Posted by: Philip Carr-Gomm | September 10, 2008

Another Extraordinary Woman

For some time I’ve known about the stories of three extraordinary women whose destinies seemed to be bound up with a completely different culture and spirituality that they were born into, and that really seem to reinforce the idea of reincarnation. One was the legendary Om Seti, an English woman – Dorothy Eady – who told her parents from an early age that they weren’t her parents, learnt Egyptian as soon as she could, and went to live beside the temple in Karnak, acting as a priestess and guide there for decades until she died. Then there was the German Maria Reiche who lived in Peru from the age of 29 and dedicated much of her life to the Nazca lines, so that now there is a Maria Reiche centre in Nazca. Then there is the story of the Swiss Alice Boner, who lived in India for over 40 years and cracked the code of the reliefs at the Ellora Caves (I write about her in ‘Sacred Places’).

But now on the BBC website I’ve discovered a fourth – the amazing Austrian Susanne Wenger. I’ll quote a little bit from the article below the picture and then you can follow the link to read more. How wonderful that such people exist in this world!

Thousands of Nigerians have been taking part in the annual Osogbo festival of the river-god Osun. Devotees, mostly from the Yoruba community, congregate in a sacred grove to seek Osun’s blessings. (Photo and text Andrew Walker BBC)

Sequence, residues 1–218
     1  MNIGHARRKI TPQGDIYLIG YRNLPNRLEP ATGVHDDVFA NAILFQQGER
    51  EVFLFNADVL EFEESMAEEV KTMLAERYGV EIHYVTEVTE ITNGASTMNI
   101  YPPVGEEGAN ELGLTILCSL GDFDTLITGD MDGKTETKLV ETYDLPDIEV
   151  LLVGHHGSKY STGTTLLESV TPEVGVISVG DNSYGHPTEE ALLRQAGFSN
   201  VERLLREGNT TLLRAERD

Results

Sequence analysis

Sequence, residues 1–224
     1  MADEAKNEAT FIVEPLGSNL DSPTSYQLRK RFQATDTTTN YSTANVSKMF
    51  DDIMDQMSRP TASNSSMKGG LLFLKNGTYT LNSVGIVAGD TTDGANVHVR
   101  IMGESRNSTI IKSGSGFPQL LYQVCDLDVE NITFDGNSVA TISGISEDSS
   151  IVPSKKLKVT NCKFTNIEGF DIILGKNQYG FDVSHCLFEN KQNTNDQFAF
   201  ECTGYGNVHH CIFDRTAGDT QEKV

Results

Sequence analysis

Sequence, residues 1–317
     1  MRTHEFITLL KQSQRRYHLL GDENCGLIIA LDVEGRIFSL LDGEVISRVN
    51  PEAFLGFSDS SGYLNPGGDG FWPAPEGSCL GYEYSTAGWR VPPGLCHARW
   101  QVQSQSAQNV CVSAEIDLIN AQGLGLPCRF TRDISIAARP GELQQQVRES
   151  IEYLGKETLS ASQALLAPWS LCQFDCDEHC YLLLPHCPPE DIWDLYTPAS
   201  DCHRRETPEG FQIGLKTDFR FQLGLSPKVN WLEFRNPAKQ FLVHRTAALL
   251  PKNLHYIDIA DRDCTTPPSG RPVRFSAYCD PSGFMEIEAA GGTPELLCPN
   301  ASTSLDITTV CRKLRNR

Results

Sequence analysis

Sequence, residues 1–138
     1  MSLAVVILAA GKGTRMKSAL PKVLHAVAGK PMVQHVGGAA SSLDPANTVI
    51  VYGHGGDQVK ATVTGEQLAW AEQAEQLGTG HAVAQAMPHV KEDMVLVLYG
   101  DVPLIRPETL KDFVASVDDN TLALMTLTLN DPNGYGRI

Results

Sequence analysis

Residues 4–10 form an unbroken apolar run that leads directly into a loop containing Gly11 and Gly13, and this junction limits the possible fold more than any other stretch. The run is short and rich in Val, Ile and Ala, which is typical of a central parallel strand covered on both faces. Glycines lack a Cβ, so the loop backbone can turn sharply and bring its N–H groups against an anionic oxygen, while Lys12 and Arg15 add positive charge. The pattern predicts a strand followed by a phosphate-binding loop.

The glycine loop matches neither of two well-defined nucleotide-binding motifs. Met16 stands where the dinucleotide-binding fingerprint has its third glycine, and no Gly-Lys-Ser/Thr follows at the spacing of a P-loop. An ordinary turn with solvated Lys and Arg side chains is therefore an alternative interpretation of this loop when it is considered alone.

Bent double by age, the high-priestess of Nigeria’s Yoruba spirit-world shuffles forward from
under the trees, reaching out a white, blotchy hand in welcome.

Half a lifetime ago, Susanne Wenger dedicated herself to reviving the traditions of the pre-Christian Yoruba gods, “the orishas”, and left Austria to make Nigeria her home.

The frail 94-year-old artist, with one seeing eye, has been a driving force in Osogbo town,

where she is in charge of the sacred grove, a place where spirits of the river and trees are said to live.

In an upstairs room of her house, surrounded by carved wooden figures of the gods, she receives well-wishers and devotees, who she blesses in fluent Yoruba.

Read more


Responses

  1. I’m glad to hear you talk about Maria Reiche, she was a truly inspirational woman. I spent some time in Nasca and her influence is everywhere. I think without her intervention and protection of the Nazca Lines they would have been destroyed and we wouldn’t have them today.


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